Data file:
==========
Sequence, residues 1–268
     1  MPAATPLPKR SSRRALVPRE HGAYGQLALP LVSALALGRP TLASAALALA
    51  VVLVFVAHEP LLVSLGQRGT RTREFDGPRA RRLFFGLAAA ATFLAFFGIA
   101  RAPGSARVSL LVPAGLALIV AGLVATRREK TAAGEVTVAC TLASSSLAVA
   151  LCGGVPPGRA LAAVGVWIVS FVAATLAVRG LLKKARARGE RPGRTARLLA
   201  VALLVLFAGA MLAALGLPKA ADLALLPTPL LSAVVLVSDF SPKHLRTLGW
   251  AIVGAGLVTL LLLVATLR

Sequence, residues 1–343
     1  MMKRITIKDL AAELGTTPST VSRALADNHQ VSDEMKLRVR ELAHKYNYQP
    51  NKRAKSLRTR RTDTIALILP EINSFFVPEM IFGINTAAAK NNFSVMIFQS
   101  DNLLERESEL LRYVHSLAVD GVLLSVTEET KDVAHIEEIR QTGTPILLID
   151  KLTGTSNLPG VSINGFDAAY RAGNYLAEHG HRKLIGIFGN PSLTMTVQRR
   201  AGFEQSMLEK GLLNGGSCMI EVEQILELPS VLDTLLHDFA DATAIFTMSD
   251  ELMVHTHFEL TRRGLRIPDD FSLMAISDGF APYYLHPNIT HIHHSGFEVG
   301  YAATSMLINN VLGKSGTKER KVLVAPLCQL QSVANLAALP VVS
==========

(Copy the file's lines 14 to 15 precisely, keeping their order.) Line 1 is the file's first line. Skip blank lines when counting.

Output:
   251  ELMVHTHFEL TRRGLRIPDD FSLMAISDGF APYYLHPNIT HIHHSGFEVG
   301  YAATSMLINN VLGKSGTKER KVLVAPLCQL QSVANLAALP VVS